A delegation from the WCC, led by WCC Central Committee moderator Dr Agnes Abuom, visited Addis Ababa, Ethiopia on 21-22 October as an expression of solidarity to the member churches there. The delegation met with leaders of member churches, members of the Ethiopian interfaith council, and government representatives.
As António Guterres of Portugal was named the ninth secretary-general of the United Nations, the World Council of Churches (WCC) congratulated him on his appointment. “This is good news for the UN and for all who need the UN to fulfill its important tasks in our time,” wrote WCC general secretary Rev. Dr Olav Fykse Tveit in a letter to Guterres. “I admire your courage, your clarity, and your true compassion with the suffering peoples in our world.”
”We are here to listen. To learn what others do, so we can contextualize our understanding of HIV issues, and journey together in our work ahead. Because on HIV, we do not compete. We work together.”
Four short videos sharing challenges and examples of how churches and church leaders can make a profound difference in global efforts to end AIDS as a public health threat are now available for individual inspiration and group discussion.
World Council of Churches general secretary Rev. Dr Olav Fykse Tveit completed his visit to Australia this week, where he offered a sermon at St Stephens Uniting Church in Sydney.
The Church and Peace network is warning against extending a financial and political instrument at the disposal of the European Union (EU) that could strengthen the military capacity of non-EU countries, a move the network sees as a major shift.
The WCC convened an inter-Orthodox consultation in Cyprus on 6-13 October to respond to the text “The Church: Towards a Common Vision,” a convergence document presented by the WCC Faith and Order Commission.
Peasant seed systems, which have fed most of the world’s population for centuries, are endangered by the imposition of intellectual property rights and patents, says a church-backed campaign.
At five o'clock in the evening today - and every day - in Finland, church bells are ringing across the country, symbolizing people’s sadness and solidarity with the people of Aleppo, Syria.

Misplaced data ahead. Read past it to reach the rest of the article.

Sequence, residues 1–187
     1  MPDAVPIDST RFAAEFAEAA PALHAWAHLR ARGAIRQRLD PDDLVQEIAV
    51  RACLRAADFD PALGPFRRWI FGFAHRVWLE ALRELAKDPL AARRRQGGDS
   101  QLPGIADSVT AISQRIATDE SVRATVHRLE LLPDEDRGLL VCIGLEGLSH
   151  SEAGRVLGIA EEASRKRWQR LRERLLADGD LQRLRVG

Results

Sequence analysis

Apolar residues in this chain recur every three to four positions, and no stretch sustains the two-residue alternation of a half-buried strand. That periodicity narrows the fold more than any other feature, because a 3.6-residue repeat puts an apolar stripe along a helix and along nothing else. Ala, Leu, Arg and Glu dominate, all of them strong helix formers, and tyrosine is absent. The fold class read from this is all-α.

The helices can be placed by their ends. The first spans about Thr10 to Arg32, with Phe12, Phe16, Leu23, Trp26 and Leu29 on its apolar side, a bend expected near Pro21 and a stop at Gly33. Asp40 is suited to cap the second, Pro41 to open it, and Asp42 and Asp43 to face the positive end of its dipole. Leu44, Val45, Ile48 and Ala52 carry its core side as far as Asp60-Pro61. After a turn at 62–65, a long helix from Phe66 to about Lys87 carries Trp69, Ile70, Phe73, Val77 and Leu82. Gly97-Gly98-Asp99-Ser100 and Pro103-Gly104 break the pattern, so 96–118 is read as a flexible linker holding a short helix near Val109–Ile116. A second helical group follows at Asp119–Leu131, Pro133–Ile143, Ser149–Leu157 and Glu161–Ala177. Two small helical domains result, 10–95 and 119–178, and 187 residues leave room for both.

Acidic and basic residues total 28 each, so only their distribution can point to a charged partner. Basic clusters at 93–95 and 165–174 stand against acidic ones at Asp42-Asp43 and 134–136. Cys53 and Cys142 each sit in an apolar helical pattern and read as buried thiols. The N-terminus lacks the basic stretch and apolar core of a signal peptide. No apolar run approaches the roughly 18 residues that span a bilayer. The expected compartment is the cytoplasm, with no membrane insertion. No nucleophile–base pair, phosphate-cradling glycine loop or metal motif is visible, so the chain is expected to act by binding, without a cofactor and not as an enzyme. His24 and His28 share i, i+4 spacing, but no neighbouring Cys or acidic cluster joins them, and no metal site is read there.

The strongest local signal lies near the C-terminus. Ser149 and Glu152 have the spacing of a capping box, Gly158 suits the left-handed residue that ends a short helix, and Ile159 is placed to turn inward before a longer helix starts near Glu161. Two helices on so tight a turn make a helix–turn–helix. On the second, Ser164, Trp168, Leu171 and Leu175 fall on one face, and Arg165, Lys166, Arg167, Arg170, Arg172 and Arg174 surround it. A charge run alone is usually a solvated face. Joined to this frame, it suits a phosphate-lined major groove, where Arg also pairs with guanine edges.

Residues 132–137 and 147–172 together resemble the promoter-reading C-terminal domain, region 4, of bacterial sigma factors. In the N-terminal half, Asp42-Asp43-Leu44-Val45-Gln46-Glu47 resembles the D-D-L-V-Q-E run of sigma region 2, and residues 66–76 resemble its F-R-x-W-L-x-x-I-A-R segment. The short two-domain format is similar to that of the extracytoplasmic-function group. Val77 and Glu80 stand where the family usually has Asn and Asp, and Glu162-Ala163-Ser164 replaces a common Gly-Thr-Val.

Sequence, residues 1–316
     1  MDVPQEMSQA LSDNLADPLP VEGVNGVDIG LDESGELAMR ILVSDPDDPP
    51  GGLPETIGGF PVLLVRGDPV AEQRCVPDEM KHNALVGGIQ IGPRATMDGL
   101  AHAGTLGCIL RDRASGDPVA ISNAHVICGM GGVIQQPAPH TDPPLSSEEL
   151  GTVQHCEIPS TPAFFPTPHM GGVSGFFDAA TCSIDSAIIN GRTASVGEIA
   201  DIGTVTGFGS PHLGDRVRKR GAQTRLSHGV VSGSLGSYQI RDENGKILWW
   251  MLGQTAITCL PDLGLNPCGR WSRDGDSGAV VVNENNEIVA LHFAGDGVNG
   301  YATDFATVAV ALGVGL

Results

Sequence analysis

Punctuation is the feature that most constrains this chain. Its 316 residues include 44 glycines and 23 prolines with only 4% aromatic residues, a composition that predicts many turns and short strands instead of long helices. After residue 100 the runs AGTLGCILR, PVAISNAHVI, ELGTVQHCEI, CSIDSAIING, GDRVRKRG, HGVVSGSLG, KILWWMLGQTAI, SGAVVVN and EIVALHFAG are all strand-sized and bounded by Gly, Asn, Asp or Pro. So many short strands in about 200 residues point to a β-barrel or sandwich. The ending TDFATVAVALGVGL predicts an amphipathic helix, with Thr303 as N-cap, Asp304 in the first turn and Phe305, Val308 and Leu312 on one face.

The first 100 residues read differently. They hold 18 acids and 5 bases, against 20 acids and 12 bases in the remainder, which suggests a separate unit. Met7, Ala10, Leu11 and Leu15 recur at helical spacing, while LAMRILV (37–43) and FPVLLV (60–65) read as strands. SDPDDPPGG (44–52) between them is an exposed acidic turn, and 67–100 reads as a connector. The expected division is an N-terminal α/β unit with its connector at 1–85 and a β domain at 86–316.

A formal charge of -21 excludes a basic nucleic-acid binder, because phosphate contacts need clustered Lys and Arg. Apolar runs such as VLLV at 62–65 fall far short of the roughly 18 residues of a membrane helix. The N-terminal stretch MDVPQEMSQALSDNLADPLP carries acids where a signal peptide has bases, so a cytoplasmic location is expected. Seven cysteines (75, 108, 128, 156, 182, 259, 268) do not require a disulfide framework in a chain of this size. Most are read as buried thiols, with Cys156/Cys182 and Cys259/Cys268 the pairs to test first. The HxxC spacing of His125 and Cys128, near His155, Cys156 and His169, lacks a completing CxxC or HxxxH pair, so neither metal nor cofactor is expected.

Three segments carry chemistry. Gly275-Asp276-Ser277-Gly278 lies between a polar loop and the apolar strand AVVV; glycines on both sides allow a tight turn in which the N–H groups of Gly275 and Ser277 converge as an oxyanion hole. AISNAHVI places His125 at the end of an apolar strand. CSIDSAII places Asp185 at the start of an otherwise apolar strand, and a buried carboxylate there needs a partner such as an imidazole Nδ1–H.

“Is there a way we can address stigma and discrimination among faith communities, to set an example, so that those who are there to provide services, to give care, do not themselves stigmatize? Because when it comes to HIV and AIDS, it doesn’t matter if we are Christians or Muslims, women or men. With HIV and AIDS, we need to deal with it as human beings.”
Green Cross International has launched a new edition of The Future We Want photo exhibition for 2016 at the United Nations in Geneva. It features a number of its new partner organizations from around the world, including the WCC.
Governments should capitalize on years of growing concern and negotiate a ban on nuclear weapons next year, the World Council of Churches (WCC) said in an inter-religious call at the United Nations on 12 October. Speaking on behalf of Christian, Buddhist and Muslim organizations, Dr Emily Welty urged delegates to “negotiate a legally-binding instrument prohibiting nuclear weapons”.
More than one hundred representatives of churches, theological institutions, ecumenical organizations and specialized ministries from ten countries gathered in Matanzas, Cuba, on 1-4 October, at the Evangelical Theological Seminary (SET) to celebrate the seventieth anniversary of the institution and reflect on theological teaching and its sustainability in Latin America and the Caribbean.
”We are deeply proud that we are able to support your ministry of service,” says World Council of Churches’ general secretary Rev. Dr Olav Fykse Tveit in a message delivered to the Fellowship of the Least Coin, in celebrating their 60th anniversary.
Bossey’s story is both old and new but it’s younger than ever, says one of its graduates, a renowned ecumenical scholar who opened a book launch on the history of the institute that has had students from so many parts of the world.
When the Dutch Reformed Church in South Africa re-joined the WCC in June after 55 years, other churches in the country rejoiced at “the return of the prodigal son”. The church, started in the 17th century by European settlers in southern Africa, was once referred to as “the National Party at prayer” so closely tied was its doctrine to the racist ideology of apartheid, and its influence reaching into the cabinet.
The International Day for Disaster (Risk) Reduction began in 1989, after a call by the United Nations General Assembly for a day to promote a global culture of risk-awareness and disaster reduction. Held every 13 October, the day celebrates how people and communities around the world are reducing their exposure to disasters and raising awareness about the importance of lessening their risks.
A visit to the al-Za'atari refugee camp, currently hosting more than 80,000 people fleeing from conflict in Syria, was a life-changing experience for members of the Commission of the Churches on International Affairs (CCIA) who met recently in Amman, Jordan.
Speaking at the opening of the meeting of the World Council of Churches (WCC) Working Group on Climate Change (WGCC), Rev. Dr Olav Fkyse Tveit, WCC general secretary, emphasized the importance of facing climate justice issues with spiritual commitment and multidisciplinary collaborative preparedness. “Christians should look at climate change challenges through the lens of faith and hope in God’s love”, he reflected.
The general secretary of the WCC, Rev. Dr Olav Fykse Tveit, opened his ecumenical and interfaith tour of New Zealand and Australia on 6 October. The first stop was Auckland with a powhiri at Te Karaiti Te Pou Herenga Waka Maori Anglican church in Mangere. Tveit will visit the region between 6-17 October.